• What is being described in the IE article is simple gas loading of Ti. The temperature spike is caused by the heat of formation of titanium hydride being released as the hydrogen is absorbed. This is standard, everyday hydride chemistry. For ex., see J. E. Klein, Fusion Sci. & Tech. 41 (2002) 764, where a Ti-containing vessel is loaded and unloaded multiple times. In that series of experiments a temperature rise of 600+ degrees was observed in one part of the vessel, while lesser rises were noted elsewhere. The temperature you measure depends on where you place your thermocouple, and 600+ degree changes are typical for the most active spots. No excess energy needed.




    Tcvetkov wrote


    "
    Right now with my protocol I can give you exact figures. Here are the
    results of my measurements. This protocol reflects the latest
    experimental results. The figures reflected are the most recent. The
    excess heat, the calculated excess heat, is deuterated titanium at 573
    degrees, the sum of COP is 1.789 Joules, or 1 degree per gram…131 Kj…For
    the time of 190 seconds this amounts to 695 Watts. The extended power
    for the heating of the sample is calculated at 153 W. That means that
    the excess power coefficient is 224. This is the data coming from one of
    the experiments. [end Tcvetkov quote]


    The interesting point Kirkshanahan asserts is that this is all simply 'heat of solution' for D in Ti. And that the
    apparent magnitude of the heat produced is also a function of "where you place your thermocouple". It seems that an
    effective re-examination of the issue, if there is to be one, would require allowing thermal equilibration
    after the dissolution with deuterium, that is, to measure total delta T over total mass. Of course that loses
    all the localization information while also reducing the magnitude of any possible temperature rise (or fall).


    An idealized test would involve calorimetry, in which a suitable insulated container surrounds the reacting Ti. There
    is a risk that textbook, or systematic evaluations of enthalpy (delta H) and entropy (delta S) and hence overall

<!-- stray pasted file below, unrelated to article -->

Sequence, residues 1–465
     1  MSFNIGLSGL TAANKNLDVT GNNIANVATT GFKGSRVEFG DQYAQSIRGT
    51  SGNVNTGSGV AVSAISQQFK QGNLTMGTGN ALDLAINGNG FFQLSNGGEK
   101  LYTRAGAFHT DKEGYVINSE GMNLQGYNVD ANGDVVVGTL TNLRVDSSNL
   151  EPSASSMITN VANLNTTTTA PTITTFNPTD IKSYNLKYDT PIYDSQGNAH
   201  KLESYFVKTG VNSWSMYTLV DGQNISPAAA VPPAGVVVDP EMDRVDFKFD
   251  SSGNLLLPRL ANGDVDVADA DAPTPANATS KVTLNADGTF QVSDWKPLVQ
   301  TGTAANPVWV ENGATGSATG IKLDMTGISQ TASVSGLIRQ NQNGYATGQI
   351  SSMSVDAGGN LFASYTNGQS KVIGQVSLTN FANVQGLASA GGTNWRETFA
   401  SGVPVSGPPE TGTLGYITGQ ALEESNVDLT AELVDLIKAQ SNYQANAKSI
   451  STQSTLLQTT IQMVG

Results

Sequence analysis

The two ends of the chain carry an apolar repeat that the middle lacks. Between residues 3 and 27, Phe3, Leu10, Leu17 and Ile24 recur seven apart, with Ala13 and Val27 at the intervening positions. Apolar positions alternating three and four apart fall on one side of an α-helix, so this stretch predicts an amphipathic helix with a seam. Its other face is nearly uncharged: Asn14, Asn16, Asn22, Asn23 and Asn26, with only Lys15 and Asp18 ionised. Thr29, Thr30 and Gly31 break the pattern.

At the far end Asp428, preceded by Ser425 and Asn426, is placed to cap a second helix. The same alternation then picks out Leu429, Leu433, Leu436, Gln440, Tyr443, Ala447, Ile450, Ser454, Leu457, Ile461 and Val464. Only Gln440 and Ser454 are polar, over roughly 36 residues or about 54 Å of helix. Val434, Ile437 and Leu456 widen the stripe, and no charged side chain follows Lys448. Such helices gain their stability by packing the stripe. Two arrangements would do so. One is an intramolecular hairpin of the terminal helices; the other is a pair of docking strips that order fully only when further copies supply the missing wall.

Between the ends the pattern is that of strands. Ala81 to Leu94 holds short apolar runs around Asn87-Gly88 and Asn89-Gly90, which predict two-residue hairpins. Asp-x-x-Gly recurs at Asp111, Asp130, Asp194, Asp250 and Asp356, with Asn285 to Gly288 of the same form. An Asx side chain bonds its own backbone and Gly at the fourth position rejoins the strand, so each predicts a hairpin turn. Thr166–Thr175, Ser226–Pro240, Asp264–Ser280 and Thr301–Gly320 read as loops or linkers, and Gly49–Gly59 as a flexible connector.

delta G (Gibbs free energy) for such dissolutions may have themselves been compromised to an unknown extent by
    some LENR processes (if they happened to be present). It is another of those situations where a complete examination
    would also include isotopic analysis and particularly very high resolution Residual Gas Analysis.


    And of course there are several reports that post dissolution treatment of resulting deuterides can initiate LENR. Those
    treatments can involve temperature, pressure and probably even magnetic, electromagnetic, electrostatic, or phonon
    stimulation or any combination of some or all of those.


    So a complete analysis there would be a long and detailed process involving deuterium loading, treating with various stimuli and
    looking for both thermal and isotopic results.


    In my view, the whole thing is not so easily dismissed without careful consideration of possibilities beyond the
    standard dogmas of thermodynamics. We may often be looking for small effects [Rpssi / Parkhomov replications]
    or very large effects [Lipinski UGC, Q over 7400]. The former case admittedly making the task more difficult
    than is usual in ordinary chemical thermodynamics. The reward in the end, even with small effects,
    is that such evidence could provide a basis for understanding the mechanisms and hence the possibility, at least, of
    making reactors with far more substantial output.